1. Comprehensive assessments to identify the actions that will yield the greatest return;
  2. Skills Training to enable customer-facing personnel to deliver exceptional levels of customer service;
  3. Design and Implementation of business process techniques to serve the customer in efficient, effective and consistent manners; and
  4. Identification of the appropriate business processes to automate, enabling companies to get the most from their investments in technology.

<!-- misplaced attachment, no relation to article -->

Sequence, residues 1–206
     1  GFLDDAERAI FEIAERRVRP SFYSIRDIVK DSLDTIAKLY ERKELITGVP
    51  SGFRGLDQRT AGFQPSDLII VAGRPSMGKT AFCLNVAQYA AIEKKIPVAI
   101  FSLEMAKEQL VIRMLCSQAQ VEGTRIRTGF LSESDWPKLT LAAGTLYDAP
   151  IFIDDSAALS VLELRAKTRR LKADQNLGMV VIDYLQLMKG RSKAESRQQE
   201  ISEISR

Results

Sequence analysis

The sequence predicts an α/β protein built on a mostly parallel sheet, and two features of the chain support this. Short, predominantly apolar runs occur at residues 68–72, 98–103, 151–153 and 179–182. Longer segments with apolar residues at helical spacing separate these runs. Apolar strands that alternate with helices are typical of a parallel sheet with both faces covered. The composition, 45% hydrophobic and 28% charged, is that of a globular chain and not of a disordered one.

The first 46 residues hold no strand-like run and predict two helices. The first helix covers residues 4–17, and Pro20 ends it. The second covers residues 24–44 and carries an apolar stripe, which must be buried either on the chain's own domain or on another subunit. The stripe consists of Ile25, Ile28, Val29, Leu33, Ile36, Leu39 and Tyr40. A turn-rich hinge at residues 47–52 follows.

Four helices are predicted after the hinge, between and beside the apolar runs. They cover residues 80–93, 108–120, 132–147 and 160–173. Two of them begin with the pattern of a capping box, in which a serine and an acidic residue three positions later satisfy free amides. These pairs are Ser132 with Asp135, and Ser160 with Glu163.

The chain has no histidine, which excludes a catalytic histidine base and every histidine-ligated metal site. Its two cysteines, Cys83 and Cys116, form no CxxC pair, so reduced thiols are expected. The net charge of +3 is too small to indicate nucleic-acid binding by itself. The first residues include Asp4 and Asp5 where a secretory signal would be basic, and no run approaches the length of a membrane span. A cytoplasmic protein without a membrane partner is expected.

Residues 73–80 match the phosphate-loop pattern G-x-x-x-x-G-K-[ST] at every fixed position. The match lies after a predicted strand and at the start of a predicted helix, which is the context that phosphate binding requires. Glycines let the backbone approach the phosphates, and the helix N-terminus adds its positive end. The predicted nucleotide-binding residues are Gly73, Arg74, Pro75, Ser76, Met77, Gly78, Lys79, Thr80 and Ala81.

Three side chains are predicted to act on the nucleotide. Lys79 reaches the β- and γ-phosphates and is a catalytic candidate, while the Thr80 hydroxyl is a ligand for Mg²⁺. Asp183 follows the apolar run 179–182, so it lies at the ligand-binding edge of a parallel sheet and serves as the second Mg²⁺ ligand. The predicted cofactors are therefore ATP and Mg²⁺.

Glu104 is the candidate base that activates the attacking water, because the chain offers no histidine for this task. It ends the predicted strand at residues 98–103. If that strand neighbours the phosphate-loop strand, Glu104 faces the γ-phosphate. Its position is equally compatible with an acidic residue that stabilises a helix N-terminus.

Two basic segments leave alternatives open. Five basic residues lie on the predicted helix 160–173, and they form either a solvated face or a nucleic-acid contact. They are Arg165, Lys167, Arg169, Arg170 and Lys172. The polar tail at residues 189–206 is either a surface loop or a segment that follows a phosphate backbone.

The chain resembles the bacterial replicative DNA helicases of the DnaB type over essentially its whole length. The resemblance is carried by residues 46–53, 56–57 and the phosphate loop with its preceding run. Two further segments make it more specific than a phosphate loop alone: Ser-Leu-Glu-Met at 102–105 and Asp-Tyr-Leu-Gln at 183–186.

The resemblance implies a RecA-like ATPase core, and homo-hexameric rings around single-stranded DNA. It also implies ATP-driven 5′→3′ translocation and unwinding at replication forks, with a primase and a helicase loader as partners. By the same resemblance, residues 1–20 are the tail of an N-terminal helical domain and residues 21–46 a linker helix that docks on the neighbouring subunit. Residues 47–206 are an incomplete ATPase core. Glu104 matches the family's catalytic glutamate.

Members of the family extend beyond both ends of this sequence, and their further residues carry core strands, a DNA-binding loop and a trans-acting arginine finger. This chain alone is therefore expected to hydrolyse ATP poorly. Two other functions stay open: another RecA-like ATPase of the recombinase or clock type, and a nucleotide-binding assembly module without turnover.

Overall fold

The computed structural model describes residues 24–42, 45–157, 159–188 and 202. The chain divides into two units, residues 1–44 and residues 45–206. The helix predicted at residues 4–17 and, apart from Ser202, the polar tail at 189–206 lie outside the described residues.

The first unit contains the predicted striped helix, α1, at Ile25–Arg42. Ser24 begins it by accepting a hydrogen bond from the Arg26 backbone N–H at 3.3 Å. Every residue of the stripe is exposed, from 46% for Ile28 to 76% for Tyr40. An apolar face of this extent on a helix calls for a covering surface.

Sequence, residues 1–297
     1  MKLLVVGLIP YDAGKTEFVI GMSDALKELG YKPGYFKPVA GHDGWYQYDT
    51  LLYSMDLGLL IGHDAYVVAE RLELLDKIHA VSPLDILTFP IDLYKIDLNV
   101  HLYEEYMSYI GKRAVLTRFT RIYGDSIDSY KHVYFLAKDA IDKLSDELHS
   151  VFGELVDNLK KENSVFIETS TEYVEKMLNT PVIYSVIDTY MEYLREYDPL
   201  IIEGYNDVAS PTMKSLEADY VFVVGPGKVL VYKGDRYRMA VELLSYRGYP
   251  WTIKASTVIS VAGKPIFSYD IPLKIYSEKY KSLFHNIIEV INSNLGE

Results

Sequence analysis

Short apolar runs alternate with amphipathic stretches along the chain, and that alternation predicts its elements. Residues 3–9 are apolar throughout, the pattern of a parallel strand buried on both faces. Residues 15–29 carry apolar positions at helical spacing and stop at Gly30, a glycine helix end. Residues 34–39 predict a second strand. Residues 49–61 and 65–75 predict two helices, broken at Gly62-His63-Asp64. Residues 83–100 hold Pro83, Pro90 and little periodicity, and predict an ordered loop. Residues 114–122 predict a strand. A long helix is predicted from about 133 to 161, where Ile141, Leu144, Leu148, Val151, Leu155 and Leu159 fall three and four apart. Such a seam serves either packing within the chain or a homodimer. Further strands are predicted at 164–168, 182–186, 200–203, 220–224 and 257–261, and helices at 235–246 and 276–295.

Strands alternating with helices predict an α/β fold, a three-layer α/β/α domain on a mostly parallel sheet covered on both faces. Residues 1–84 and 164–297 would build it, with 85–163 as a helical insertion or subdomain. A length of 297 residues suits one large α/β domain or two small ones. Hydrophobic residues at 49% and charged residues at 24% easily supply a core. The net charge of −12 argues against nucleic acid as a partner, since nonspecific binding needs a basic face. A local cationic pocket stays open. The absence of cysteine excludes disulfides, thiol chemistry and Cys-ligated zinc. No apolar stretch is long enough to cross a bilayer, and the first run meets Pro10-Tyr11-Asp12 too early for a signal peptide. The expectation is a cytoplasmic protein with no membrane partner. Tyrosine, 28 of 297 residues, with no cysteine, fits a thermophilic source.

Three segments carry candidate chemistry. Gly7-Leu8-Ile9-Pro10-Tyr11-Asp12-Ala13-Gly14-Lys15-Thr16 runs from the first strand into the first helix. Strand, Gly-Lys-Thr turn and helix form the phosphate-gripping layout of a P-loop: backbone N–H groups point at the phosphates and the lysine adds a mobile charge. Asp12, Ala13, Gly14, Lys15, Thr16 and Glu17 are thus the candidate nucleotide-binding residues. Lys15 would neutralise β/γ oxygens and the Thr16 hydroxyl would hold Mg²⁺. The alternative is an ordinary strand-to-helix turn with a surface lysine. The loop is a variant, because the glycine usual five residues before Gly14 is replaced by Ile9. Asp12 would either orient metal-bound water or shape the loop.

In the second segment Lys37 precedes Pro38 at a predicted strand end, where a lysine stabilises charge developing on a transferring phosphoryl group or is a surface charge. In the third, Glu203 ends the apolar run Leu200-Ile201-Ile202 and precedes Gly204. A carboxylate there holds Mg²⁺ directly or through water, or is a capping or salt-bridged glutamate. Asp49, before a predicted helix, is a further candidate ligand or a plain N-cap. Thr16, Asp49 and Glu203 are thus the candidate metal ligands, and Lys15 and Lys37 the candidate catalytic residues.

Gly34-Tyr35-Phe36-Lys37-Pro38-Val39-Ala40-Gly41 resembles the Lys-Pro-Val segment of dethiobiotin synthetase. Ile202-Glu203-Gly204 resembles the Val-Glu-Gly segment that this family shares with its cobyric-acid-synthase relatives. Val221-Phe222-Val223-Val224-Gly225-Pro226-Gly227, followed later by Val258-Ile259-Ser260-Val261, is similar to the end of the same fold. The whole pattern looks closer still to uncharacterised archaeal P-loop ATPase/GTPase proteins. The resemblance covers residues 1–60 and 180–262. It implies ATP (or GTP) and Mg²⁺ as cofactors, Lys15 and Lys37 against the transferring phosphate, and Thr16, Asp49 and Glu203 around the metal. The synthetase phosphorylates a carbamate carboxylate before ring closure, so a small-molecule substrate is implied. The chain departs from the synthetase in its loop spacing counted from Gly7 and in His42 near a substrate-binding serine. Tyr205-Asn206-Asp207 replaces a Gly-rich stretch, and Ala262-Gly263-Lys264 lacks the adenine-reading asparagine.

In addition to our core practices, we also maintain a network of strategic partnerships to provide end-to-end consulting across your organization with a commitment to seamless execution.

Click on the following link to see what our customers have to say.

To learn more about Customer Centricity:

call: 603.491.7948

send e-mail to: info@customercentricity.biz 

or visit our web-site: www.customercentricity.biz

In Closing

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Copyright (c) 2003 by Customer Centricity, Inc. All rights reserved.